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17. April 2018


If you are a Blender Game Engine (BGE) fan, I have some bad news for you.  Earlier today BGE was removed from the Blender 2.8 branch of source code.  This means in the next version of Blender and beyond, there will no longer be an in-built game engine.  The game engine was never particularly popular and apparently caused a bit of a code maintenance nightmare, so the decision was made to remove it.  Then changes to the game engine are massive, touching 916 files in the code base.

Details of the change from the Blender code commit comments:

Removing Blender Game Engine from Blender 2.8

Folders removed entirely:

  • //extern/recastnavigation
  • //intern/decklink
  • //intern/moto
  • //source/blender/editors/space_logic
  • //source/blenderplayer
  • //source/gameengine

This includes DNA data and any reference to the BGE code in Blender itself.
We are bumping the subversion.

Pending tasks:

  • Tile/clamp code in image editor draw code.
  • Viewport drawing code (so much of this will go away because of BI removal that we can wait until then to remove this.

You can learn more about the change in this video, also embedded below.

Art, Programming, GameDev News

30. January 2018


CoaTools, or Cut Out Animation Tools, 1.0 was just released.  Coatools is a free and open source plugin for Blender that enables users to create 2D animations directly in Blender, bringing IK based animation techniques to traditional 2D art.  It’s very similar in scope and function to other animation packages such as Spine, Spriter, Creature and Dragonbones.  The 1.0 release was quickly followed by a 1.0.1 update.


Details of these releases:

1.0 Release:

This is the first official stable release of the COA Tools.
It features a rich set of tools to create 2D Cutout Animation in Blender.

Some of the features that were in the Alphas and Betas available are disabled now. They can still be enabled in the Addon Preferences. But it is not recommended as they are going to be removed in the future releases. Thats the reason why I wanted to release an official release where they were still present, but deprecated. Some people may have used such features in older projects.

So here are the tools that probably won't work properly right now:

  • Experimental Json export (was used to export to godot. Will be removed.)
  • Spritesheet mechanics (Is replaced by so called Slot Objects. Will be removed)
  • Dragonbones Export( Many things have changed so this exporter will need a proper rewrite. Going to be modified in the future)

The addon features a complete new Addon Updater thanks to the CGCookie Addon Updater Module. Via this module I will make sure to autoupdate the addon in the future. So you can easily keep the addon up to date.

1.0.1 Release:

Trying to do publish new features/bug fixes now more often in maintainence releases.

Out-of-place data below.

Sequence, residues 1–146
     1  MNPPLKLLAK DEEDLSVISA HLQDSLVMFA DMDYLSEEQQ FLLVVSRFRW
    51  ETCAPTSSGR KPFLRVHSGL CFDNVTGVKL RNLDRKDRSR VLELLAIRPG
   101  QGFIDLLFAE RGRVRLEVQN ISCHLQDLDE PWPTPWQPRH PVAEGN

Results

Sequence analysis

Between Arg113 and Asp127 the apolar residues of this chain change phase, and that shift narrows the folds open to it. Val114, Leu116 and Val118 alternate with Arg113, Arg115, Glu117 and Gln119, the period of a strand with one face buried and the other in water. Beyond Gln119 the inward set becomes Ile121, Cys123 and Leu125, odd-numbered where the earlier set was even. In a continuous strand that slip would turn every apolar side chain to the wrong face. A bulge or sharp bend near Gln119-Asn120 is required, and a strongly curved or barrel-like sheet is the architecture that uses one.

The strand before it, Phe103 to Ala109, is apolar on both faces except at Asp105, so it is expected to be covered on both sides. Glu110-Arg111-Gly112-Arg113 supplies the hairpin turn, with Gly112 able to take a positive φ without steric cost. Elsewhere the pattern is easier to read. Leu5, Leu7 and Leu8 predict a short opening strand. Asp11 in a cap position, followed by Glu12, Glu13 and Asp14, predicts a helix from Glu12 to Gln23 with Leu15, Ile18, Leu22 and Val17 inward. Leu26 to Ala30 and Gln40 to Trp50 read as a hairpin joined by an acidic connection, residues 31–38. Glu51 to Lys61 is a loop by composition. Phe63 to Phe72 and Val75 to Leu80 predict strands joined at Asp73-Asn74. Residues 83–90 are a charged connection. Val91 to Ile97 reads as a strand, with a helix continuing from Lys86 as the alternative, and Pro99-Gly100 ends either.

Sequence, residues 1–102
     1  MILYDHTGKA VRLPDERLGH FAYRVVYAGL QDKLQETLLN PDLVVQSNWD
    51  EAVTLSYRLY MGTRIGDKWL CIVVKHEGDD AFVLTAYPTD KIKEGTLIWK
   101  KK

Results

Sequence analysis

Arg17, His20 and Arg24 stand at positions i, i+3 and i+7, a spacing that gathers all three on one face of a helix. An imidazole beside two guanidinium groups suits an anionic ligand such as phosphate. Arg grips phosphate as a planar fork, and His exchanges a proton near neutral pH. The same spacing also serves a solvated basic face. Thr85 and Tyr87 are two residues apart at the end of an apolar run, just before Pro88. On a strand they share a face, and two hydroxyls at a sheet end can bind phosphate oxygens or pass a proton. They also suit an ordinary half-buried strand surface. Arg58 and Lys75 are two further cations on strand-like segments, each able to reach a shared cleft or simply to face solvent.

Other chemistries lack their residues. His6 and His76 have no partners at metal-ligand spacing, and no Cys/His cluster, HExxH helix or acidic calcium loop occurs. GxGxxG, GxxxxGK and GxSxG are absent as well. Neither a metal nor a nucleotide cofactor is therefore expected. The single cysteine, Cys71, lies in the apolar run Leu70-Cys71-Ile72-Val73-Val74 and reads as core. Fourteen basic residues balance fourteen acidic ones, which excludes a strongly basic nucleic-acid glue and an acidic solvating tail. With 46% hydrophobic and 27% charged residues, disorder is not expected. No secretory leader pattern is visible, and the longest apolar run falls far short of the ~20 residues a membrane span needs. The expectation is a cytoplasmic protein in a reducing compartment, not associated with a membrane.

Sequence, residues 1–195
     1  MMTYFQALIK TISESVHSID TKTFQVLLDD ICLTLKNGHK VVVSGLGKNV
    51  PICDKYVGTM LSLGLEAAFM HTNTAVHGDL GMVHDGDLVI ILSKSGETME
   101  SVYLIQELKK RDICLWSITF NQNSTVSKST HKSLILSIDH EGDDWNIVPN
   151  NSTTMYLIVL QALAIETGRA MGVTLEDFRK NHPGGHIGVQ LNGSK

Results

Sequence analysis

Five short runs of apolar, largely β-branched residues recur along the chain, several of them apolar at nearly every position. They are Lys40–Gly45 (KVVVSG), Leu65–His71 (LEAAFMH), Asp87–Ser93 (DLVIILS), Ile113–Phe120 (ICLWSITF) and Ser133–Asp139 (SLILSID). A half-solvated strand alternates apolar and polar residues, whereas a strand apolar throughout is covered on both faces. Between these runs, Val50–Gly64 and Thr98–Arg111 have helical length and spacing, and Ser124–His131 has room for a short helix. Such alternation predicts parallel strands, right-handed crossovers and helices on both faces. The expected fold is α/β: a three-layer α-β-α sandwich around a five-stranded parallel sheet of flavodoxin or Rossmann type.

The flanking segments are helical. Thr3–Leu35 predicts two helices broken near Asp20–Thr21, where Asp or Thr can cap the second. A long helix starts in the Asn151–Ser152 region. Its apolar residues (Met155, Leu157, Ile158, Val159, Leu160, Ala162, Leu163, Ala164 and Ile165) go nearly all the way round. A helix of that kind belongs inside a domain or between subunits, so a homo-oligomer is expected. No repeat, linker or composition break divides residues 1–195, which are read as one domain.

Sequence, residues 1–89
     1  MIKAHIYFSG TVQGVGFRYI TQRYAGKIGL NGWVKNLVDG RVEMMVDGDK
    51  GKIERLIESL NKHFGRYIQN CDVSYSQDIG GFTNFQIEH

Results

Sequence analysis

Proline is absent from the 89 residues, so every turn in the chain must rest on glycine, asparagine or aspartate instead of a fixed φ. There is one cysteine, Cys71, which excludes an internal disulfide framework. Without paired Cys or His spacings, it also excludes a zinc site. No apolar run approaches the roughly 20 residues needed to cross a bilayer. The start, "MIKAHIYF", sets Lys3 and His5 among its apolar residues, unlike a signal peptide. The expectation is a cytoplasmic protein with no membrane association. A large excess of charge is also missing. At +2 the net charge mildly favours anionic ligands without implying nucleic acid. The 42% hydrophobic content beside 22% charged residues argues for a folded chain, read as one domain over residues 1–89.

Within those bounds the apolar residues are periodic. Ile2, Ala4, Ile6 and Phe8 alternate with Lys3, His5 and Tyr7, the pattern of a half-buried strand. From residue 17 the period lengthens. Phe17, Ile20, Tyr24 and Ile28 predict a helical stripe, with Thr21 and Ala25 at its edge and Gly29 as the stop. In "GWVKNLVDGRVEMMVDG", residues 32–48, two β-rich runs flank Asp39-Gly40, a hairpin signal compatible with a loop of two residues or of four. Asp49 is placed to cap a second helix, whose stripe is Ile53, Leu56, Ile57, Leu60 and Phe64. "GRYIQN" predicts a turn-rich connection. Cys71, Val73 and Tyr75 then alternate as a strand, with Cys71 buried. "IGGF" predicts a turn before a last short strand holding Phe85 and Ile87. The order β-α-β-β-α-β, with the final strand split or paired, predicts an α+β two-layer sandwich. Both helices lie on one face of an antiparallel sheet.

Thanks to the new updater module people should get those features right away.

Additions:

  • Improve Sprite import (importing json files lets you choose which images should be imported. Updating images is now also integrated)
  • Improve Sprite Outliner (Sprites are now sorted based on the z depth. Rearranging sprite orders is now also included into the Outliner. AZ icon in the upper right corner)
  • Picking edge length for contour drawing in Edit Mesh Mode. Shift+Click on an edge will now pick that edge lenght for drawing contours.


You can download CoaTools on Github.  For more details be sure to check out this video, which is also embedded below.

Art, GameDev News

12. October 2017


Creating human models has always been one of the more challenging tasks artists can face.  There are a number of tools out there such as Poser, MBLDaz or MakeHuman that can create human models for you.  Often the results aren’t exactly ideal for use in real time games however.  The Blender Add-On we are looking at today however generates excellent, fully rigged and textured meshes that are perfect for use in games.


The add-on we are looking at today is the Manuel Bastioni Lab, very similar to Make Human, as it is a project from the developer who founded the MakeHuman project.  Unlike MakeHuman however, MBL runs entirely inside of Blender, and in my opinion generates more game appropriate meshes and rigs.  It is completely free and open sourced.


First download the zip file available here, then install and enable the plugin in Blender.  If you are unfamiliar with this process, the video embedded below shows you the process step by step.


Once enabled it will add a new tab to the tools panel:

image


Initial controls are incredibly simple.  Pick the base type of model you want to create, if you want it to create Cycles based materials, and if you want it to configure lighting for you.